Berlin's mayor Michael Müller has announced that the German capital is willing to take in 70 unaccompanied migrant children and young people from the Greek island of Lesbos.
"The situation in the camps on Lesbos is dramatic," Sandra Scheeres, the senator for families in Berlin, told the German news agency dpa. "Unaccompanied children and young people are particularly vulnerable to the problems there," she continued.
Berlin’s mayor tweeted about the decision that he is willing to accept 70 unaccompanied migrants in the city on Friday, December 6.
He wrote: “Berlin is clear. People who are looking for protection will find open doors and a safe haven in Berlin. We believe in this and we are ready to help. That is particularly true for anyone who is fleeing without their parents; and so is even more in need of protection.”
It seems that the German federal ministry, which is in charge of migration, is against these kinds of action. On December 6, Federal Interior Minister Horst Seehofer said that a Europe-wide solution needed to be found and that single actions are not the way to tackle this problem.
Other states follow suit
It is estimated that there are about 4,100 unaccompanied children and young people on the Greek islands at the moment. The majority of them are over 14 years old, but some are younger.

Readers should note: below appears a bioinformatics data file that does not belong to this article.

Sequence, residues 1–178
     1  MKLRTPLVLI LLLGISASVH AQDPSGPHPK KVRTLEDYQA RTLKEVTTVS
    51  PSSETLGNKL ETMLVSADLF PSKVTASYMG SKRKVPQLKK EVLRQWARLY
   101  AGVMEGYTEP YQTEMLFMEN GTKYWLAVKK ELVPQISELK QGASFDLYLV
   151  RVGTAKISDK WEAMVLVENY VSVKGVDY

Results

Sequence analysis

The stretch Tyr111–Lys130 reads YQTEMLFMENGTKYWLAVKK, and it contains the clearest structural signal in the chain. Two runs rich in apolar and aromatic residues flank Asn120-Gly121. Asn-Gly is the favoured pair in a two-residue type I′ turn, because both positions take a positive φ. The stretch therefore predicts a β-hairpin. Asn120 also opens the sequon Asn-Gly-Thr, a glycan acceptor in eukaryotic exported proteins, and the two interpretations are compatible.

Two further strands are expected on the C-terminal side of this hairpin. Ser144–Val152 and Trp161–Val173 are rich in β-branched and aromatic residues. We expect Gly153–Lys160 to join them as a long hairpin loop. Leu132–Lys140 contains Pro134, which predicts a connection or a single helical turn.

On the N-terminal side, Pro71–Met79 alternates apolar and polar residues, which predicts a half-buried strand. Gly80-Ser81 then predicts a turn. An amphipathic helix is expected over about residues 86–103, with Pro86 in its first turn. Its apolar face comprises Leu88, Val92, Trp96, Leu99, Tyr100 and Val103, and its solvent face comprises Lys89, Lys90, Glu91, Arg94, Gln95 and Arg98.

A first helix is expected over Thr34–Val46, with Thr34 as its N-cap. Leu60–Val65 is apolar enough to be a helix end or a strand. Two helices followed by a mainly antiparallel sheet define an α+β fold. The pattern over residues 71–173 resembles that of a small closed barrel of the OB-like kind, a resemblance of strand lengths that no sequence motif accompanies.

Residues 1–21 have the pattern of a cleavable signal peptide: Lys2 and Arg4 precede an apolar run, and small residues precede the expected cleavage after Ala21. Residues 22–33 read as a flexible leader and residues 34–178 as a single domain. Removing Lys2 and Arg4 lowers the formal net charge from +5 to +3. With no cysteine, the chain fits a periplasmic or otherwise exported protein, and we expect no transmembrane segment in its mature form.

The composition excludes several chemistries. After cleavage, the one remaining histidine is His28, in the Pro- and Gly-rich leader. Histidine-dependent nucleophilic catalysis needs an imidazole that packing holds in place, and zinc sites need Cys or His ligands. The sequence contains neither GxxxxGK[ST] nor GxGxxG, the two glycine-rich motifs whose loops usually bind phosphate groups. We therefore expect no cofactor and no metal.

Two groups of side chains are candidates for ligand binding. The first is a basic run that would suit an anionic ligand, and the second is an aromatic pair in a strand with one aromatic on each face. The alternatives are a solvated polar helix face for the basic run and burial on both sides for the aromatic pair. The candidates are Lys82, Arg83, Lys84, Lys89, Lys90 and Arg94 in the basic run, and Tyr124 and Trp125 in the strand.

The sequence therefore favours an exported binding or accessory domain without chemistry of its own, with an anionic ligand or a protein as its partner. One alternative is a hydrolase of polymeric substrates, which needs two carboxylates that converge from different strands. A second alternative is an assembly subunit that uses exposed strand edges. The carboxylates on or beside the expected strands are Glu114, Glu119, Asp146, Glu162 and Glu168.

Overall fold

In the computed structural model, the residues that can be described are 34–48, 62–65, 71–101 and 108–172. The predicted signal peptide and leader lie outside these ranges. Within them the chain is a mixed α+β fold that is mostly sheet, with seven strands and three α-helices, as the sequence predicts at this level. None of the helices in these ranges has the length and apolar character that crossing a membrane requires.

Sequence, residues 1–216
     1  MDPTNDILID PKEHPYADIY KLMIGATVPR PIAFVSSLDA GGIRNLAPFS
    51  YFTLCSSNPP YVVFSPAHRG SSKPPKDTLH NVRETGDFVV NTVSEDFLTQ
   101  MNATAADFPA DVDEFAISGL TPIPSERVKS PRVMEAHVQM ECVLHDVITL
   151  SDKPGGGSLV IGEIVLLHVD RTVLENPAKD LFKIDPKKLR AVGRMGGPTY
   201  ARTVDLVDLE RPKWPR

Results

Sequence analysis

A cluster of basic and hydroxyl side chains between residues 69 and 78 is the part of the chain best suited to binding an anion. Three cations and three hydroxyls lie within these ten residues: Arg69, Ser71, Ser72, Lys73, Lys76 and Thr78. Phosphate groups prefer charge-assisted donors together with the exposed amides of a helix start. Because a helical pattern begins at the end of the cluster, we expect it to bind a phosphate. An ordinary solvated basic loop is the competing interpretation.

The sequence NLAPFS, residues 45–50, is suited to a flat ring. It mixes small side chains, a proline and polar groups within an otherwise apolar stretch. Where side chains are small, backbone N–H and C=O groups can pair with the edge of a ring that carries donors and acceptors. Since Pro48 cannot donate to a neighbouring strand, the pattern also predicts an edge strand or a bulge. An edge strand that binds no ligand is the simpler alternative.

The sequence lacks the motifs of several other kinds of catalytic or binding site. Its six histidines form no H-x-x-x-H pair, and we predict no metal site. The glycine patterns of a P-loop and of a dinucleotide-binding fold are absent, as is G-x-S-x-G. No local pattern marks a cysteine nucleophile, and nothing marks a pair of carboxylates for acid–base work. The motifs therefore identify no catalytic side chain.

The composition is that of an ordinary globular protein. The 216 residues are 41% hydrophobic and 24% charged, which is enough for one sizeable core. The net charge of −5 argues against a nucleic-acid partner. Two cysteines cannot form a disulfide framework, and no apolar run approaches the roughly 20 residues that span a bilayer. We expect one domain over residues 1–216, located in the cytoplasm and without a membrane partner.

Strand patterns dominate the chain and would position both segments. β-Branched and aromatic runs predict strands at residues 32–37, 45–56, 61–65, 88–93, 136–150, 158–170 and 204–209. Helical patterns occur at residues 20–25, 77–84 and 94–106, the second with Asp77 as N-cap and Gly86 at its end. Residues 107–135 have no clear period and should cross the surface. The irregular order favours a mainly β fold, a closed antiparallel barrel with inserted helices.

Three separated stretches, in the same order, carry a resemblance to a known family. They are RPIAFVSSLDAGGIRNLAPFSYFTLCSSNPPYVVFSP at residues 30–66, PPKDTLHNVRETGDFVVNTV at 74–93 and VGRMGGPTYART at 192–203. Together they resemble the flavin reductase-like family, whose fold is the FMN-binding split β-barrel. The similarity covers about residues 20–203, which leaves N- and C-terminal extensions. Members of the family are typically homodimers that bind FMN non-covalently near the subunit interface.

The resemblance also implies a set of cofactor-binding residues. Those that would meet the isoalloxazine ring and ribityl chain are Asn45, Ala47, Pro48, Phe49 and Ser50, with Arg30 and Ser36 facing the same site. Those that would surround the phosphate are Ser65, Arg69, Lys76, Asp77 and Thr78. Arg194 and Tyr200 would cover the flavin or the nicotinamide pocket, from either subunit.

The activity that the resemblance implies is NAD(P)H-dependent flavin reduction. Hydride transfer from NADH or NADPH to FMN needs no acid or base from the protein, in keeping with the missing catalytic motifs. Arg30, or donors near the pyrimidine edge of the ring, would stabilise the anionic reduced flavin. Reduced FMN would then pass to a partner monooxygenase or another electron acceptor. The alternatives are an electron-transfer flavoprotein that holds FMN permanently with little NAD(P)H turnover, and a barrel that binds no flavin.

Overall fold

In a meeting of the interior ministers of the German states on Friday, December 6, two other states, Lower Saxony and Thuringia, also said they would be accepting small contingents of unaccompanied minors in order to ease the overcrowding and problems that these young people are facing in Greece.
Lower Saxony’s interior minister Boris Pistorius, from the Social Democratic Party (SPD), visited Lesbos in October and reported back on the conditions he found there. He told the Berlin newspaper Tagesspiegel that thousands of people were “living in tents made from rubbish bags and shelters not suitable for the winter.”
According to Tagesspiegel, Pistorius, along with SPD colleagues Andreas Geisel (Berlin’s interior senator) and Georg Maier, the interior minister of Thuringia, wrote a letter to German Federal Interior Minister Horst Seehofer and German Foreign Minister Heiko Maas, asking for more support and for a federal response to the situation.
'Urgent action needed'
In the letter, they said that urgent action was needed, given that winter was already here and temperatures dropping. They added that Germany should not turn away from the situation these people found themselves in and should launch a proper national operation soon.
On Friday Tagesspiegel reported that Lower Saxony was ready to welcome 100 young unaccompanied migrants, Berlin 50 and Thuringia 25. Berlin’s mayor Michael Müller has confirmed that his city, which constitutes one of Germany’s 16 administrative states, is now ready to accept 70. Berlin is a part of the “safe haven” or “sanctuary cities” network, along with Palermo, Paris and Barcelona.The letter, said Tagesspiegel, explained that the states would mostly be taking young asylum seekers from Syria, and other countries destroyed by war.